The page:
SenseWheel

  • SenseWheel

    SenseWheel

    The Sensewheel is a lightweight wheel for wheelchair users with embedded load cells and accelerometers to measure how the wheelchair is being utilised. 

  • The Technology

    The Technology

    The instrumentation is very lightweight, low cost, potentially showerproof, and enables immediate feedback to the user about the style of propulsion, enabling quick corrections to be assessed.

  • Dr Cathy Holloway

    Dr Cathy Holloway

    Catherine is a co-inventor of the SenseWheel and has just been awarded seed investment of £40k through the Health Social Innovators’ Programme.


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Forces acting between the pushrim and the drivewheel are sensed by several strain gauged load cells

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SenseWheel has been designed by the BIG@PAMELA team based within the UCL’s Department of Civil, Environmental & Geomatic Engineering.

SenseWheel

The Sensewheel is a lightweight wheel for wheelchair users with embedded load cells and accelerometers to measure how the wheelchair is being utilised, thereby gathering data to refine the individual’s rehabilitation programme using movement metrics. It has been designed by the BIG@PAMELA team based within the UCL’s Department of Civil, Environmental & Geomatic Engineering, and developed at the John Scales centre for Biomedical Engineering at the Institute of Orthopaedics and Musculoskeletal Science at Stanmore.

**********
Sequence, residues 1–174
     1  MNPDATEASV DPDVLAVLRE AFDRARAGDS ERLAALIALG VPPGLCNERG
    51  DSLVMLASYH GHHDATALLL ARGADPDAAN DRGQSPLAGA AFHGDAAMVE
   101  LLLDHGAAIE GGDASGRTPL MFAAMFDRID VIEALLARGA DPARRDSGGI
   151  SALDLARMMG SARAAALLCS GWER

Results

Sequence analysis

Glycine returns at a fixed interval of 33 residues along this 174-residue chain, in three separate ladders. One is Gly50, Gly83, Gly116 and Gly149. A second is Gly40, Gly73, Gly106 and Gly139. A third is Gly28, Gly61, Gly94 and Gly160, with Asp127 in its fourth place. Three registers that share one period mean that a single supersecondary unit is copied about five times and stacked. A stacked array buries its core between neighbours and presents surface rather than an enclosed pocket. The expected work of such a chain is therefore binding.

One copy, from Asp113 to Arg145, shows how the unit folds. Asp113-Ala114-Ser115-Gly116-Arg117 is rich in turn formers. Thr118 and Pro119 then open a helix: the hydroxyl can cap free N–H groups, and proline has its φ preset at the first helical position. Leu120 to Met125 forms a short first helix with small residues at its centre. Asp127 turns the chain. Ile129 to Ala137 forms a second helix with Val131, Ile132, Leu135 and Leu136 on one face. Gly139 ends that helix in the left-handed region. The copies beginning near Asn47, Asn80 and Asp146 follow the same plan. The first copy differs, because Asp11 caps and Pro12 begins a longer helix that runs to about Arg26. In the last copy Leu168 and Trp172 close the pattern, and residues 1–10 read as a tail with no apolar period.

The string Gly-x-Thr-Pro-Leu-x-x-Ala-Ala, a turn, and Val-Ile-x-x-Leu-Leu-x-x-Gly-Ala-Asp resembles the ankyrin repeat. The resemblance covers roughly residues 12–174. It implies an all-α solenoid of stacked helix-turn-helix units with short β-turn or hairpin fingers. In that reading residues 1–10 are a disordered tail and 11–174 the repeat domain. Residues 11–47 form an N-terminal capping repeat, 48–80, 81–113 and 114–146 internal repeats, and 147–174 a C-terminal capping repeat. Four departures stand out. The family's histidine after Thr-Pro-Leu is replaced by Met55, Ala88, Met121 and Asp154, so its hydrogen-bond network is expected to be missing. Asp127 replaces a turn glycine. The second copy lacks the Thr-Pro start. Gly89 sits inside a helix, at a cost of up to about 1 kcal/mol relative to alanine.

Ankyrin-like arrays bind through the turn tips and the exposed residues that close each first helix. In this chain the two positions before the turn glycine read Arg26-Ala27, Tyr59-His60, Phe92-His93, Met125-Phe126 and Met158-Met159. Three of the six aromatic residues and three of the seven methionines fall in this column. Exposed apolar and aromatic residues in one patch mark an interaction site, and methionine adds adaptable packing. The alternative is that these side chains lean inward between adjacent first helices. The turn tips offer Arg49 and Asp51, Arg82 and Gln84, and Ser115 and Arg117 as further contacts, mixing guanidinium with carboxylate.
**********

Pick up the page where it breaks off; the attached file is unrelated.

The Technology

The instrumentation is very lightweight, low cost, potentially showerproof, and enables immediate feedback to the user about the style of propulsion, enabling quick corrections to be assessed. Forces acting between the pushrim and the drivewheel are sensed by several strain gauged load cells. Data are digitised and transmitted to a separate data logger for processing and data display. The aim is for the user to have immediate feedback on their pushing efficiency displayed on their SmartPhone.

The Philosophy

Accessibility information for wheelchair users should, in the main, be delivered by wheelchair users who will have a much greater understanding of their needs than any non-wheelchair user may have. In addition this information needs to be current and so constantly updated. Inherent in this approach is the belief that such a data set would be useful to town planners and also medical practitioners working in the areas of rehabilitation and wheelchair provision. In this regard it is an innovation leap in terms of the usual approaches to accessibility.

The SenseWheel has been co-developed with the Transport Accessibility Rehabilitation Services Advisory Network (TARSAN). TARSAN was founded to ensure users of rehabilitation and transport services can have an active voice in shaping the research carried out at UCL and the Royal National orthopaedic Hospital.